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By Keith Reid
Welcome to Advanced Imaging's annual software issue. The imaging industry provides a wealth of capable hardware for end-users, whether they are involved with machine vision, science, medicine the military or homeland security. A lot of this hardware is innovative, with distinct feature sets and performance capabilities that can set one camera, optics or illumination solution apart from competitors. However, in many applications the hardware can offer comparable performance and software becomes "the great differentiator."
Software takes the raw performance provided by the hardware and turns the imaging data into something that is useful to the end-user. Software can enhance the capabilities of the hardware, and it can make the hardware easy to use and easy to adapt to a range of different requirements.
There are many of companies that provide software solutions to meet a full range of imaging needs. We have worked hard in this issue to provide a somewhat detailed overview of as many of these solutions as possible. The core technology feature covers over 20 imaging-related software applications. Contributing editors Lee Nelson and Leonard Hindus took this a bit further, by providing a more detailed look at a variety of the software development kits available on the market —discussing their basic capabilities and functions as well as their ease-of-use. The article "Image Analysis—Enhancing the Human Equation, or Removing it Altogether" covers how a mainstay of machine vision—automated image analysis—is increasingly being ported into a variety of fields such as remote sensing, biological research and the military and homeland security markets. These applications take the basic algorithms developed to perform machine vision tasks to an entirely new level in what are often highly dynamic and unpredictable environments.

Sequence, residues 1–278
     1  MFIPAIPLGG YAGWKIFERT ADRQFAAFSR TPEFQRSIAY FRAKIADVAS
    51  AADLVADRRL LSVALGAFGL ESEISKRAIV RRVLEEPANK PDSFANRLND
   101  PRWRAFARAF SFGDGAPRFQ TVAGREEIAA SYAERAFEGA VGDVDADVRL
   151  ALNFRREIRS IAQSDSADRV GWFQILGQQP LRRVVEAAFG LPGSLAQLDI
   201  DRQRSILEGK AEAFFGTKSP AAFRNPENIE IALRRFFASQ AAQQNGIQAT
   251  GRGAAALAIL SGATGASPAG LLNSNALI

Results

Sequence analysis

We hope this coverage provides our readers with some enhanced value in this specific area of focus. We have tried to straddle the line between providing broad but too shallow coverage, or deep but too narrow coverage of the numerous offerings available in the marketplace. Of course, as one of the eight critical core imaging components, there is no question that software will continued to be regularly covered in future issues of the magazine as well as receiving some occasional special treatment.
Editor, Advanced Imaging